The fund’s growth bias helped in the COVID-19 sell-off, but emerging markets and mid-caps helped in the rebound. Unlike many of the funds listed here, this one has been a pretty consistent performer. It lagged the world large-stock category in only one calendar year out of the past 10, though that growth bias helped.
Hmm. This fund lost 47.7% in the February-March bear market, then rebounded 107% over the ensuing 52 weeks. I guess you could say it’s volatile. That nifty rebound brought the fund’s 10-year rank to 24 from 63. Although lead manager Matthew Friedman has been on the fund since 2010, he doesn’t completely own that 10-year record. The fund has been run as a mix of sector-manager-run sleeves, plus Friedman’s more-diversified sleeve. Three of six sector managers have rolled off the fund in the past five years. It’s kind of an odd duck with that mix of sector managers and one diversified manager, but at least the duck now has nice returns.
Kind of like the Oakmark crew, Steve Romick was starting to seem like a dope. His heavy value tilt featuring energy stocks was just the wrong mix for the past decade, but now he’s back. A 55% one-year return has taken the fund to a 10-year rank of 32 from 68. That’s welcome news for a fund that suffered $4.5 billion in outflows even as returns were coming back. Romick’s financials and communications names have pushed the fund to the leaderboard once more.
This fund’s ranking has improved significantly, yet it is still subpar. That shows how deep its hole was. The fund was bottom 5% and is now 58th percentile. That is still below average, but the Neutral-rated fund is at least improving. The fund is very risk-averse, and that left it out in the cold. Cash, gold, and value stocks were not a great combination for much of the past decade.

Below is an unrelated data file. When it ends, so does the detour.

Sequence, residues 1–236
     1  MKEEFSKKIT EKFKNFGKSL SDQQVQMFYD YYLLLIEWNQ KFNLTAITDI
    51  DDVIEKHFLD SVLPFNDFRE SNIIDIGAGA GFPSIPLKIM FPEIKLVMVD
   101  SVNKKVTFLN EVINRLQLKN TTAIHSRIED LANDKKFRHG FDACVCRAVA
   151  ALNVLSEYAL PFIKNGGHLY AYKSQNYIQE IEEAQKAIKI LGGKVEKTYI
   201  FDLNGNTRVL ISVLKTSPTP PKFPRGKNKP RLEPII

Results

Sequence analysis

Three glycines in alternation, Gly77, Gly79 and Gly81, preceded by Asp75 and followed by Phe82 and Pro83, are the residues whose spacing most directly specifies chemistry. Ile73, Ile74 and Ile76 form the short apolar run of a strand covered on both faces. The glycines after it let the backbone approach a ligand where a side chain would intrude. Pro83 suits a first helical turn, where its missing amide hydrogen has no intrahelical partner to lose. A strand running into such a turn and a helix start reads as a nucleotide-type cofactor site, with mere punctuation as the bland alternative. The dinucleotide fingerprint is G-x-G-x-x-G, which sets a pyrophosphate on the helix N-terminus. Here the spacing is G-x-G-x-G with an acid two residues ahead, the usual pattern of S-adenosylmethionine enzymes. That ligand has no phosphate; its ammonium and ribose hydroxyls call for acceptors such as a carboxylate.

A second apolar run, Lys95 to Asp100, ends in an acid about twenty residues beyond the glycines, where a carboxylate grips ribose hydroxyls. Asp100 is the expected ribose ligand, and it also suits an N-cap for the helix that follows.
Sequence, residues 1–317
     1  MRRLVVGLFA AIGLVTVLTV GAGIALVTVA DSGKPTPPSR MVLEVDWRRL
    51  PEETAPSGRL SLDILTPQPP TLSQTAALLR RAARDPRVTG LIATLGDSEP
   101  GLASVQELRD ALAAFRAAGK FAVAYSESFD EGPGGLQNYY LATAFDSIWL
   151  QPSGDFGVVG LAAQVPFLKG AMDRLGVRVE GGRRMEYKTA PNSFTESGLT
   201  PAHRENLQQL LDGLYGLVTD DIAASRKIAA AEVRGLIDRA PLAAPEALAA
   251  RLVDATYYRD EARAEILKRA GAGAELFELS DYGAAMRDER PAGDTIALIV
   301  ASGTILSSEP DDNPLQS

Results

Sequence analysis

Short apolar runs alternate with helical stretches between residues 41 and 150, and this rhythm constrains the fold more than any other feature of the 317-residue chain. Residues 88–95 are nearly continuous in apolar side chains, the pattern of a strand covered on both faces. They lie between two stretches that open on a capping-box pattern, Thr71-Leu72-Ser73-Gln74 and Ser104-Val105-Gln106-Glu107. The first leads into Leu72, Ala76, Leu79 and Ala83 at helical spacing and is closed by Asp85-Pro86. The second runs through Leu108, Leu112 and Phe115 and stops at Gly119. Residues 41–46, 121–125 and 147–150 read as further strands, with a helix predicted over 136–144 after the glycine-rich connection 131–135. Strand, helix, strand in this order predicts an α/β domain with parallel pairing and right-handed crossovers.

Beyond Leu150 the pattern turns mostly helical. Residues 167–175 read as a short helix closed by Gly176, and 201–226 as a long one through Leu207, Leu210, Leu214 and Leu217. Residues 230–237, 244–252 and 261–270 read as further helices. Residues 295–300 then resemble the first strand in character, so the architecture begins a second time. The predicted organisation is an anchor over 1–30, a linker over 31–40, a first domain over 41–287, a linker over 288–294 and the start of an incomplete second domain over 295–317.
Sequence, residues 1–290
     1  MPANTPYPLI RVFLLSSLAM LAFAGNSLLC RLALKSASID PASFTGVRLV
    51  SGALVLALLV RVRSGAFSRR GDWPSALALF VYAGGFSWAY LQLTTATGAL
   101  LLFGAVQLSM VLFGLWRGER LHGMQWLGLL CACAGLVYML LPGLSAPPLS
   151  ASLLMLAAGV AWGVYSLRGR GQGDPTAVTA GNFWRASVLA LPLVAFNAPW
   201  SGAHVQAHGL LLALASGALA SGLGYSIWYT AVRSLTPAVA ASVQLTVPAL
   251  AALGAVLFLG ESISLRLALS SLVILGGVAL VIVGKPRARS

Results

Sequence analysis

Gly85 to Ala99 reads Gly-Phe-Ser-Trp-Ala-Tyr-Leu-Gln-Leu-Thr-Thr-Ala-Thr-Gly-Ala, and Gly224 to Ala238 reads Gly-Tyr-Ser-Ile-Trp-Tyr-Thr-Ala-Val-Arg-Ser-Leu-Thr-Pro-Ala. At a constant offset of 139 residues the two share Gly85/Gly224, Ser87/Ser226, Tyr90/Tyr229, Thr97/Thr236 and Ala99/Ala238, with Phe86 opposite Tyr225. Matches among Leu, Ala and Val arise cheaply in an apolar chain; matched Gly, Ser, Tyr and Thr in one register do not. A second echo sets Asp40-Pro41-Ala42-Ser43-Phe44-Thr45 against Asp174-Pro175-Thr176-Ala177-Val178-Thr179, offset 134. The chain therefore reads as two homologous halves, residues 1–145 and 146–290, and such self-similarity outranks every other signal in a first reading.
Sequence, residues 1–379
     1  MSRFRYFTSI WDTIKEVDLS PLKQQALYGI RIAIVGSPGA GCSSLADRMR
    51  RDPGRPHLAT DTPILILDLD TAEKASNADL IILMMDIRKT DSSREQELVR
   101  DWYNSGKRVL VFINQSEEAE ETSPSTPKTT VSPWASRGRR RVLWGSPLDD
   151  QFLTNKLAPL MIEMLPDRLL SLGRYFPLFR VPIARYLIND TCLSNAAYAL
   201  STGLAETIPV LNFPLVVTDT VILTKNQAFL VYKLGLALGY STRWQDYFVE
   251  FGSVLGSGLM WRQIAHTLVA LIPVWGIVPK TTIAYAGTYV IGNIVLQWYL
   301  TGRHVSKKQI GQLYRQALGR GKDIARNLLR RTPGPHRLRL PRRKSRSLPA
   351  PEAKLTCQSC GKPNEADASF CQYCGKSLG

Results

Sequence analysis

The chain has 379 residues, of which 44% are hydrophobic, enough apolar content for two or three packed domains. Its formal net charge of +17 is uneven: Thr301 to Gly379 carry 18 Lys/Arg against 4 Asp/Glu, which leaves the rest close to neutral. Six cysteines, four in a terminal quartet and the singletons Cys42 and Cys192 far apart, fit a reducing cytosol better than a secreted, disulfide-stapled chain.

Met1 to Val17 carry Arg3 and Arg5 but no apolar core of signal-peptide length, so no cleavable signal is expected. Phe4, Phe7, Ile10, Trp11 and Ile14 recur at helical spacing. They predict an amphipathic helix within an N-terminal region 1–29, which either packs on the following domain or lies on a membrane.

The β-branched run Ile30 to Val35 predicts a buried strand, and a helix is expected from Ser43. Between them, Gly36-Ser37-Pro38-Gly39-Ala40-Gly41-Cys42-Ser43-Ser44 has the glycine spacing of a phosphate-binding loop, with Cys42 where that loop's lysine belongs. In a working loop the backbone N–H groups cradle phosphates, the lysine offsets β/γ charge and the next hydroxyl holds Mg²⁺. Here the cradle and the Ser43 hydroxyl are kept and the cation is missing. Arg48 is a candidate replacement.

Success in a wide variety of sectors has helped, and gold at least has appreciated modestly for a change.
This is a repeat performance for Ariel. The fund was absolutely crushed in 2008-09 when its holdings’ high debt levels led to brutal losses even as those companies largely remained profitable. The fund came roaring back the following two years.
This time around looks much better, as the fund’s 10-year returns fell to only around average but then popped to the top 24% thanks to a 103% one-year return. The fund’s consumer-oriented value plays like Viacom-CBS VIAC and Mattel MAT have led the way higher.
Meridian Contrarian likewise popped to the top 2% from the top 37%. The fund’s one-year return was a huge 104%, thanks to triple-digit gains in five of its top six holdings. Acadia Healthcare (ACHC), Welbilt, and Colony Capital (CLNY) show that it isn’t just one industry doing the job.